The United States Army is developing a new laser weapon – the Tactical Ultrashort Pulsed Laser for Army Platforms (UPSL) – that promises to be more powerful than existing weapons by nearly three orders of magnitude.
High-energy laser (HEL) weapon systems currently in use are continuous wave lasers (CW) – firing a continuous beam at a target – but the UPSL will emit short, pulse-like bursts that rely on low energy. It will reach a terawatt for 200 femtoseconds, compared to a maximum of 150 kilowatts for previous systems and fires extremely short pulses – between 20 and 50 each second – for a total rated power of 20 to 50 watts.
“The sheer amount of intensity in a terawatt pulse laser is able to cause a non-linear effect in air resulting in a self-focusing filament,” the brief stated. “These filaments propagate without diffraction, providing a potential solution to the negative impact turbulence has on beam quality when propagating a conventional CW laser system.”
The advantage of ultrashort pulses is their ability to be shaped into self-focused light pulses, keeping their intensity intact. This makes them capable of vaporizing the surface of a target. The impact of a laser pulse on a metallic object could also generate a strong functional electromagnetic pulse (EMP), thus disrupting electronics. The Army states that UPSL systems can neutralize threats with three distinct methods: “Ablation of material from the target, the blinding of sensors through broadband supercontinuum generation in the air, and the generation of a localized electronic interference used to overload a threat’s internal electronics.”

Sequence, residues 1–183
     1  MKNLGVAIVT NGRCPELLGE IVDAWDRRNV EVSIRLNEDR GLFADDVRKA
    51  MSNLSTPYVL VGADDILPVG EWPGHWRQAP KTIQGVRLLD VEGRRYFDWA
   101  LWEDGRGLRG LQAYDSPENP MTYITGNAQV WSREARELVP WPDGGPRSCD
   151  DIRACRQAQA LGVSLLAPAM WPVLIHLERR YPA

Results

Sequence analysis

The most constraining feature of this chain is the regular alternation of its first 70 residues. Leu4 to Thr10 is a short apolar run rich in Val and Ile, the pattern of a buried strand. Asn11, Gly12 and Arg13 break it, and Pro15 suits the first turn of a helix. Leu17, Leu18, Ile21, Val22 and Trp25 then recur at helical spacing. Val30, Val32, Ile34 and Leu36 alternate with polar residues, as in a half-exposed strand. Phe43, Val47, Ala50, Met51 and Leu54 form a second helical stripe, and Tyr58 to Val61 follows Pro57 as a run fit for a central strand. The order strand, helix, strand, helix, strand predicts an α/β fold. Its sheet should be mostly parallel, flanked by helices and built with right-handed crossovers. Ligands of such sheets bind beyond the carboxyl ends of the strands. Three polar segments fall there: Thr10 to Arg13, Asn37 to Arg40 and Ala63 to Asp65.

UPSL is expected to be employed as a standalone system or integrated into ground vehicles, ships, and aircraft. The first prototype is scheduled to be unveiled in August 2022.